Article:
A horrible hack

Above Them

Are We A Danger To Ourselves

Year Released: 2012
Format: CD
Label: Specialist Subject
 
Reviewed by MH on Feb 10, 2012
Yorkshire’s Above Them put out Blueprint For A Better Time a couple of years back which was a pretty solid album. They have recently recruited a second guitarist, Adam Bilboa from Manchester punks Leagues Apart, and this is their first offering as a 4-piece.  Produced by the singer from Bivouac and The Wireless Stores, this new album picks up where the last one left off and there’s no great change in sound. They are still playing indie rock crossed with punk rock. It’s a winning formula when this lot do it though. There is a much crisper, cleaner sound on this album but the stops and starts, hopeful, determined lyrics and slightly gruff Yorkshire accent are still present alongside some big choruses - the power of Oliver Wood’s voice at the forefront of every track. Even the song titles (like “Something To Keep You Positive” and “Giving Up On Sorrow”) are typical Above Them.  

The opening song “A New Year” gets things off to a cracking start – kicking off with a big drumbeat, it slows down towards the end where the vocals and guitar come back in alone before the bass and drums kick back in - Wood singing about survival and struggle ("My friend I ain't ready to sink just yet"). It's a big opener and it’s clear from the off that they have tightened up musically – there is a very accomplished, confident sound to this album. Things don’t let up from there – they dive straight into the handclaps on track 2 and then another standout track, the punkier "Temper Like A Hand Grenade" which has a bit of a Hot Water Music feel to it. The press release suggests a couple of focus tracks but for me there are others that surpass those and the highlight for me is "The Fall” -  there is a definite Leatherface-influence on this one and some of the other faster tracks. Even the guitar at the start of "Something To Keep You Positive" sounds like it could have been on “Minx”. The album will draw comparisons to Milloy too, particularly the vocal-style, but there is a much cleaner sound here. Most of the songs are mid-paced and I'm really into the vocals on this album. “On Form Like A Bad Year” starts brilliantly then ends suddenly in under a minute – I would have liked this song to be longer. The album closes with the slower, anthemic title track cranking up the “woah-woahs” for the last few bars - another brilliant song and perhaps the most anthemic on here. It's certainly the most poppy song they have released.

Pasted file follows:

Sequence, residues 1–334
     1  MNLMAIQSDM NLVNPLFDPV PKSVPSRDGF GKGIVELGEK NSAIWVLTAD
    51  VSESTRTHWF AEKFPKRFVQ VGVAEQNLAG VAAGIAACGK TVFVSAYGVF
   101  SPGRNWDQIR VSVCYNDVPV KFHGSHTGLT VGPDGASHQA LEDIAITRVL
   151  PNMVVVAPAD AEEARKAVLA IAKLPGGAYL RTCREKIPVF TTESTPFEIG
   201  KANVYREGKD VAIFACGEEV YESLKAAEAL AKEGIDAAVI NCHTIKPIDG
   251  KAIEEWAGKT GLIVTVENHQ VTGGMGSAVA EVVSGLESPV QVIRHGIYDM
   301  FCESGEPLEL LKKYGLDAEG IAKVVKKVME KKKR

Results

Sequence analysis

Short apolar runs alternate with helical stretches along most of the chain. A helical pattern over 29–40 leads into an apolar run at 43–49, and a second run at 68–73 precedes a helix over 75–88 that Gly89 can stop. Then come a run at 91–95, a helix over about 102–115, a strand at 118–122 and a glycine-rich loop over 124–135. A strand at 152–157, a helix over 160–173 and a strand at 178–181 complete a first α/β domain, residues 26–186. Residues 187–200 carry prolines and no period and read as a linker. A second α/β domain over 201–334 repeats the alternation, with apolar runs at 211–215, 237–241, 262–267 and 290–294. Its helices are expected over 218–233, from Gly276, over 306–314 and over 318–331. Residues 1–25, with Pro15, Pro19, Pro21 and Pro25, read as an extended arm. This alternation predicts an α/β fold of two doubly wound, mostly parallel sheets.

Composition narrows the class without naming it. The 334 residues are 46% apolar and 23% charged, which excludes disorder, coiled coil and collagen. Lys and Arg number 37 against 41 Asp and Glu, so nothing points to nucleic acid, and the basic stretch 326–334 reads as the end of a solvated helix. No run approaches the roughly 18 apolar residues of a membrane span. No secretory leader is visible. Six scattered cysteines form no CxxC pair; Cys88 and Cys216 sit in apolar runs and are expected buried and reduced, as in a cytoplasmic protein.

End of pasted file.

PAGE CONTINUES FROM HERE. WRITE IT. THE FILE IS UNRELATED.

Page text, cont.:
Above Them have shown great potential on their previous releases and they're really starting to come into their own on this album. For me, it flows a lot better than the last one and I’ve just realized I’m not skipping any of the tracks when I listen to it – a rarity for me. I probably would have preferred this to be a little rougher around the edges as it’s pretty slick. There is nothing groundbreaking here but this is great stuff.


Recommended record by Collective Zine!

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